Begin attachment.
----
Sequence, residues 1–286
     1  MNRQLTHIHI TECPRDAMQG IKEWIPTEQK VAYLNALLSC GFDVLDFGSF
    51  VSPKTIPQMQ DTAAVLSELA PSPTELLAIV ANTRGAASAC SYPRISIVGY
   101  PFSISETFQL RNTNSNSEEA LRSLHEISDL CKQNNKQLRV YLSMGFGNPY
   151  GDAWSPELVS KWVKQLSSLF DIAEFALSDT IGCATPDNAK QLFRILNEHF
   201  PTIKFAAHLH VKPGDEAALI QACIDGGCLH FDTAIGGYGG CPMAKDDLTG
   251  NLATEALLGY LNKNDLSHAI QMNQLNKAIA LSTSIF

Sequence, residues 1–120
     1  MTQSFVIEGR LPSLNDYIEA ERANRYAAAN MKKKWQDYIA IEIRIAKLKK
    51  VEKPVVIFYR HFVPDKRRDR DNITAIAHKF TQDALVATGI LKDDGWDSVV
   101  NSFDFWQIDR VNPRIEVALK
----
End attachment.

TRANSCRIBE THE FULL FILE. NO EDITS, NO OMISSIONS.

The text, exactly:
Sequence, residues 1–286
     1  MNRQLTHIHI TECPRDAMQG IKEWIPTEQK VAYLNALLSC GFDVLDFGSF
    51  VSPKTIPQMQ DTAAVLSELA PSPTELLAIV ANTRGAASAC SYPRISIVGY
   101  PFSISETFQL RNTNSNSEEA LRSLHEISDL CKQNNKQLRV YLSMGFGNPY
   151  GDAWSPELVS KWVKQLSSLF DIAEFALSDT IGCATPDNAK QLFRILNEHF
   201  PTIKFAAHLH VKPGDEAALI QACIDGGCLH FDTAIGGYGG CPMAKDDLTG
   251  NLATEALLGY LNKNDLSHAI QMNQLNKAIA LSTSIF

Sequence, residues 1–120
     1  MTQSFVIEGR LPSLNDYIEA ERANRYAAAN MKKKWQDYIA IEIRIAKLKK
    51  VEKPVVIFYR HFVPDKRRDR DNITAIAHKF TQDALVATGI LKDDGWDSVV
   101  NSFDFWQIDR VNPRIEVALK